It could have been a catastrophe, right enough. Belle & Sebastian meet Trevor Horn: Tigermilk meets “Two Tribes”? Chalk meets cheese, more like.
But in a year that began with Horn frogmarching nymph-lesbian duo Tatu to No 1, is it so strange he should end it in cahoots with a band as similarly outside the pop norm as these fey lairds of indie? Ought we really be surprised that Belle And Sebastian, sad sensitive observers of “The Loneliness Of A Middle Distance Runner”, would find a kindred spirit in the man responsible for The Buggles’ ‘faded film star’ tearjerker “Elstree”? Of course not.
Horn’s influence is surprisingly subtle, merely emphasising the band’s playful idiosyncrasies (working titles for this album included “Wanker’s Forest”, “Nazi Sinatra” and “The Six Guns Of Henry The Arse”). Hence its dozen tracks, one of which shares its name with former Catchphrase host “Roy Walker”, heave with mischievous appropriation. “Wrapped Up In Books” shamelessly pulls the rug from under Sir Cliff’s “In The Country”, while distinct outlines of Jackie Lee’s “Rupert”, Costello, Magazine and Adam And The Ants are elsewhere?so no wonder another working title was “If You’re Going To Be Hung For Stealing A Horse You Might As Well Shag It”. Lo and behold, they do just that on the outstanding “I’m A Cuckoo”, embezzling the dual guitar harmonics of “The Boys Are Back In Town” and then namedropping Thin Lizzy in the cheekiest rhyming couplet of the new millennium so far.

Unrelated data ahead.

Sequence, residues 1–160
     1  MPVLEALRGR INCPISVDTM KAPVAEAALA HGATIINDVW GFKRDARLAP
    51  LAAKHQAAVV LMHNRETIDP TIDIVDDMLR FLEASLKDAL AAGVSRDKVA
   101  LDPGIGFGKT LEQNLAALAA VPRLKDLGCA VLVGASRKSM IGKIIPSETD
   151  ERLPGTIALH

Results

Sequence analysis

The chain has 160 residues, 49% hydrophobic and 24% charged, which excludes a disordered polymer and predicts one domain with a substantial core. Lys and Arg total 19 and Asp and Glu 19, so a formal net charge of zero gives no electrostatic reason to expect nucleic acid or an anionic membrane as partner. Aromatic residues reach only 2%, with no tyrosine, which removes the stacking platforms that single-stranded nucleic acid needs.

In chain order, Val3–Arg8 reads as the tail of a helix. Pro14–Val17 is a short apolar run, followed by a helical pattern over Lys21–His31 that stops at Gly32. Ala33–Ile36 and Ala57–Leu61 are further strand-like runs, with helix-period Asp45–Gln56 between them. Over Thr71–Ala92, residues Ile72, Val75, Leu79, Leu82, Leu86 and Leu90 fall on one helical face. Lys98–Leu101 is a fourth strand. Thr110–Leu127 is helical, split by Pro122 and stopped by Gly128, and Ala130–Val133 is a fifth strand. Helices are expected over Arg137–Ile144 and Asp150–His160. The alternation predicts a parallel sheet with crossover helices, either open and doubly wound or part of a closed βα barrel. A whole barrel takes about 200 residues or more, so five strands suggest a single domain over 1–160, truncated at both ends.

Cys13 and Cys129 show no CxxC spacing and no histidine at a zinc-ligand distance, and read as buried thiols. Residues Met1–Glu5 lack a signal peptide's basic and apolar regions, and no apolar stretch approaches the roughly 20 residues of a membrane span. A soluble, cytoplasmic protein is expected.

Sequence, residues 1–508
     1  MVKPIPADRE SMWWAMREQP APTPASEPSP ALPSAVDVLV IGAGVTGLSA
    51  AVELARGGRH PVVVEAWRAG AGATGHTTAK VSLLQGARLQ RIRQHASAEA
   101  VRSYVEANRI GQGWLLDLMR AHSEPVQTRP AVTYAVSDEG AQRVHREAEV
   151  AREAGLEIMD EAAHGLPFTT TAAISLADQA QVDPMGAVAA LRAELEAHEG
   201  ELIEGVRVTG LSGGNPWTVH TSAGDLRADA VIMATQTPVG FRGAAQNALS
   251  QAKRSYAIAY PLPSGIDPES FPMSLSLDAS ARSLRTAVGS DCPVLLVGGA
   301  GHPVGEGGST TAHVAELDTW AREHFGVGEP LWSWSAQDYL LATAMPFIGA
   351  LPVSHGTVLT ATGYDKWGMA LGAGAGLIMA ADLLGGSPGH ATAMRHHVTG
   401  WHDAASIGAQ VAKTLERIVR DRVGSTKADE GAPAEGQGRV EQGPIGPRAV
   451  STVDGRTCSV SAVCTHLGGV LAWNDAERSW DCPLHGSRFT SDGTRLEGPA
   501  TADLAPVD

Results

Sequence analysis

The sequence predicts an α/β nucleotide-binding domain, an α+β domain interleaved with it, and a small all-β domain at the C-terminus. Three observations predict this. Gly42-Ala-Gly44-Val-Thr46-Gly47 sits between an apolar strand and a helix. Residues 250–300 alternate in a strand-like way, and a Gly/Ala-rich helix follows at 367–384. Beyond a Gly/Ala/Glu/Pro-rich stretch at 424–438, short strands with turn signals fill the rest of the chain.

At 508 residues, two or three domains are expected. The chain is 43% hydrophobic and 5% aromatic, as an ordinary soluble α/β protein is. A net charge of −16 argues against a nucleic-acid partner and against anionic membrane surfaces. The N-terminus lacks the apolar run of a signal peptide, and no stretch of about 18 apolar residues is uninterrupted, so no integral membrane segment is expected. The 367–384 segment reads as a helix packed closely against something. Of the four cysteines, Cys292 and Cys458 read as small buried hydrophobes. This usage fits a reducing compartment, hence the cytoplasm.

Such larceny would be that and nothing more if it weren’t for the songwriting chops of Stuart Murdoch and Stevie Jackson. From “Lord Anthony”, the saga of a bullied posh kid with transvestite yearnings, to laments for relationships soured by the humdrum couch-potatoism of cheap vino and I Love The ’90s-type telly, it’s by far the strongest collection of songs the band have ever assembled. If they entered the ring with Horn as talented greenhorns, by the final fade of the epic new romantic finale “Stay Loose”, they exit as accomplished pop epicures. A catastrophe in name only.